work as hard as as possible. Another… another colleague has joined. So we were
discussing about the single market and the elimination of these barriers. This
single market program was promoted by a British Commissioner. He was called
Lord Cockfield, and he he was the promoter, the big promoter of the single
market initiative. This is an example how the UK has been a big promoter of
European integration and we owe a lot to the UK for what the European Union is
today. It’s a bit real pity if the UK leaves the European Union with this Brexit process. So Lord Cockfield promoted this programme and he identified 300 measures that needed to be taken, 300 pieces of legislation,
and he set a deadline, the end of 1992, in order to achieve the single market. The
single market in general has been a success. By the end of this deadline the
vast majority of those measures had already been implemented, and the single
market… This course that we have in this year should be focused on economic
development, so what’s the effect of the single market on economic development?
The effect of the single market on economic development has been studied by the Cecchini report before the single market, and there have been other studies commissioned by European Union institutions such as the European
Commission or the European Parliament to try to measure empirically the benefits
of the single market. And there have been also independent studies trying to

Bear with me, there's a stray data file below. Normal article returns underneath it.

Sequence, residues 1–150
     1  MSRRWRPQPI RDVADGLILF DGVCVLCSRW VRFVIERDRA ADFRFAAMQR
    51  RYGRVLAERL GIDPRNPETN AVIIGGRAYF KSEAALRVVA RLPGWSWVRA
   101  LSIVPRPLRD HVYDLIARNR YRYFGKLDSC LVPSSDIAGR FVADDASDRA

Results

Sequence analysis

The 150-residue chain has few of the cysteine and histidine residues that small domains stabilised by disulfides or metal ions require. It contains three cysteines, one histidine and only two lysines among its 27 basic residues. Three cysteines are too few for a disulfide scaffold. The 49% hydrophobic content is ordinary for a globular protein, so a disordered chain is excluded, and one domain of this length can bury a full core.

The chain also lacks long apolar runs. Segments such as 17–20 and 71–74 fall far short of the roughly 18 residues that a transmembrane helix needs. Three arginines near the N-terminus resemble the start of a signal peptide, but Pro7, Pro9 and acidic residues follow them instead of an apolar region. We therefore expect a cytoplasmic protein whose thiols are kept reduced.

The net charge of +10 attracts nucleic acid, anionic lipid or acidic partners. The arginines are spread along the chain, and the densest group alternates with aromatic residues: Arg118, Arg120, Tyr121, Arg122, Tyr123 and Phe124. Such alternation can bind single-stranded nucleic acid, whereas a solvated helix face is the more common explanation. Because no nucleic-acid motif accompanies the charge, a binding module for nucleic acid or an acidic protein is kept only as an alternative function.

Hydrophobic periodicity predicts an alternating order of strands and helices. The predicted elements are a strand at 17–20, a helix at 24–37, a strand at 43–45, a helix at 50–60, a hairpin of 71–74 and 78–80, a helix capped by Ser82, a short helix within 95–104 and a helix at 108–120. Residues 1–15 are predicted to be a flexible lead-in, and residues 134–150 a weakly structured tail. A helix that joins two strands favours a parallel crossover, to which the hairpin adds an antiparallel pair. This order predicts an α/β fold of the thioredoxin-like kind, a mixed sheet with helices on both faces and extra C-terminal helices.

measure these benefits from the single market. In general these studies differ
from one another as to the extent of these benefits. They agree that the
single market brings benefits, but there are differences between them and those
difference are due to the fact that it is very difficult to measure the
benefits of the single market. Why is it so difficult? Well, it is very difficult
because it is difficult to know what would be the evolution of the economy in
the absence of the single market. So if Ukraine for instance was to join the
single market, and there were some growth in the
economy, it’s always difficult to know if this growth is due to the single
market or to other changes in the circumstances of the Ukrainian economy.
So this is called the problem of the counterfactual, to know what would happen if… if we did not implement the single
market, the economy would not be static. It would evolve anyway and we do not
know how much, so this makes it difficult to measure the impact of the single
market. The second reason why it’s so difficult… it’s because the benefits of
the single market take very long. The benefits of the single market on the
economy are not just benefits that you reap in one single year. Many of those
benefits are related to increased competition, are related to the
reorganization of production, are related to the elimination of monopolies, to the
change in the size of firms, and many of these changes take time. And from an